Thus, from their point of view, they are facing an invasion by a foreign state and when or if negotiating do so from an equal footing. As a result, they answered to Kiev’s 15 point peace plan with their own 7 conditions (see below for the full text of the two statements). They also reiterated during the 27 June negotiations that the creation of a full delegation to negotiate that should follow the 30 June deadline could only happen if there was a full withdrawal of Ukrainian troops from their territories (LPR official website, 27 June 19:48), which will obviously not take place. Note, that the list of exigence that are to be met by 30 June spelled out by President Poroshenko and the NSDC is as unrealistic, especially in 3 days (President of Ukraine, 28 June 2014 00:27), and underlines again how far apart both sides have grown.
Internationally, the position of the two People’s Republics is not that different from the claims held by various independency movements in the post-1945 world, during the period of self-determination.
The Donetsk and Luhansk People’s Republics’s evolving structure
Politically (and militarily), the two People’s Republics are structured as shown in the graph (click here or on image for a larger graph). It has been constructed out of documents and statements stemming from the official DPR (not up to date) and LPR websites, twitter thread (@dnrpress DPR), Novorossia news agency to which were added mentions found on various actors’ FB pages, or emanating from Russian news agency (Itar Tass and Ria Novosti) in their Russian version as the English ones are often different. Considering the fluidity of the situation, changes are to be expected.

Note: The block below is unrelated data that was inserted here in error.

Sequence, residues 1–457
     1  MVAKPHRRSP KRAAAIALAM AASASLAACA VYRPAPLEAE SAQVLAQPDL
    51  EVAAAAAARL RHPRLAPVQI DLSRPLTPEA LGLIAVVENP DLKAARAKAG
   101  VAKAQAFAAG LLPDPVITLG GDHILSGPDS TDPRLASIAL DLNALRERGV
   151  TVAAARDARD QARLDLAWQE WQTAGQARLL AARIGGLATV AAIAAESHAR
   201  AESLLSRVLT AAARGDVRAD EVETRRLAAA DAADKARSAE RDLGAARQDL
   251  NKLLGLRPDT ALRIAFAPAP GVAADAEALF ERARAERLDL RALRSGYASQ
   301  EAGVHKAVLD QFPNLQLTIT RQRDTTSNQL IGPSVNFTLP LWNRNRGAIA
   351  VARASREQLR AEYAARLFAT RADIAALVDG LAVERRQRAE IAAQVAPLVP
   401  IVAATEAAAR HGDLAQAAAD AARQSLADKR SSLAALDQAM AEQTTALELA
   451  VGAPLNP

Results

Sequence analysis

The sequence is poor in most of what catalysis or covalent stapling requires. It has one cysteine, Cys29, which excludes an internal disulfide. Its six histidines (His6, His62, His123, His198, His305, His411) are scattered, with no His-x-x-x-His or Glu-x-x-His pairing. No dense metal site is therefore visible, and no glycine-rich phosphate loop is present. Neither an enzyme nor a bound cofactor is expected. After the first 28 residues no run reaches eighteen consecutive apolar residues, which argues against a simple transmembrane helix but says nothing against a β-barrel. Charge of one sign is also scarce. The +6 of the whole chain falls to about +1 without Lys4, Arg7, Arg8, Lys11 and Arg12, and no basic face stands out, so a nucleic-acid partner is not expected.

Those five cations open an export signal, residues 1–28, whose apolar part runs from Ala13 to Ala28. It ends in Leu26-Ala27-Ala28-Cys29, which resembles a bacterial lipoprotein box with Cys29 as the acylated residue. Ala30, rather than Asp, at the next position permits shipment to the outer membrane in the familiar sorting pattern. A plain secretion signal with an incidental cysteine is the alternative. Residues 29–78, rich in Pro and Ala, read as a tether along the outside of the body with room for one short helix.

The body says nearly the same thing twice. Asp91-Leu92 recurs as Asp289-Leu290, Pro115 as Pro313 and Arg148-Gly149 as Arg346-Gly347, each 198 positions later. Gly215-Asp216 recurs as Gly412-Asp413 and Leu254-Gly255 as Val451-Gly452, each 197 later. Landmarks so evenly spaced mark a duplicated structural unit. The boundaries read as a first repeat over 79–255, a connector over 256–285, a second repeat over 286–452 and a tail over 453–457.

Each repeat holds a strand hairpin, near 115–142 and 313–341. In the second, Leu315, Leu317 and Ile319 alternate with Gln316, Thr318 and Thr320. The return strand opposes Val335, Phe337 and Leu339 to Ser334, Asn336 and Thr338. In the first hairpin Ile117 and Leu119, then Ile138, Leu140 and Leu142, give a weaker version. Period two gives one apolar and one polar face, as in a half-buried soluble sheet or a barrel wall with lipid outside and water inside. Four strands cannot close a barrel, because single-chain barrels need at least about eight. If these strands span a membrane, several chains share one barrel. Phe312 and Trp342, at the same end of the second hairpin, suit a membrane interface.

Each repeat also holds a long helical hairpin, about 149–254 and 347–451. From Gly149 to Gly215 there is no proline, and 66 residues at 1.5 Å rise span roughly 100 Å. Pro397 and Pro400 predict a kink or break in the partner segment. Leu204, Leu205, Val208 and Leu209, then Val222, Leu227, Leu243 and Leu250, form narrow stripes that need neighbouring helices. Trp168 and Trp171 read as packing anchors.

Currently the DPR and LPR have decided to create a confederate Union of People’s Republics (UPR – Союз народных республик – СНР), which is a smart move to facilitate organization and fighting. The Union was adopted by the Supreme Council of the DPR on 24 June 2014 (Ria Novosti) and by the Supreme Council of the LPR on 25 June. It was ratified in Donetsk by the Union Parliament on 26 June (Novorossia). The overall population of the UPR would be estimated to 6.56 million (4.33 million for the Donestk region and 2.23 million for Luhansk region – Ukrstat, 2014).
According to Itar-Tass (infographics, no date), but no other source could confirm or infirm those data, militarily, they would have between 1800 and 3500 fighters for the DPR and between 3000 and 4000 fighters, including a 500 women support and logistic battalion for the LPR. The UPR forces would thus count between 4800 and 7500 fighters. Note also that on 20 June the creation of a new division of miners was announced by the DPR, while mobilization is ongoing (Ria Novosti, 24 June).
For the sake of comparison and everything being equal, ISIS – or rather the new “Islamic State” – would fight in Iraq with 5000-6000 of its own fighters to which should be added “4000 from allied Iraqi Sunni groups” (Rubin & Godon, 22 June 2014, New York Times). Its fighters benefit notably from the experience of the war in Syria.
A detailed list – that would need to be confirmed by other sources -of weapons available to the two Republics can be found on the Russian Wikipedia pages for the DPR and the Army of South East (LPR – section not updated), with possible origin for each weapon. Small arms and light weapons are most probably readily available and, according to the 24 June 2014 UN HCHR statement, “there is an increase in arms”. We do not know however which type of arms nor if they have been taken from the opposite force or come from other sources.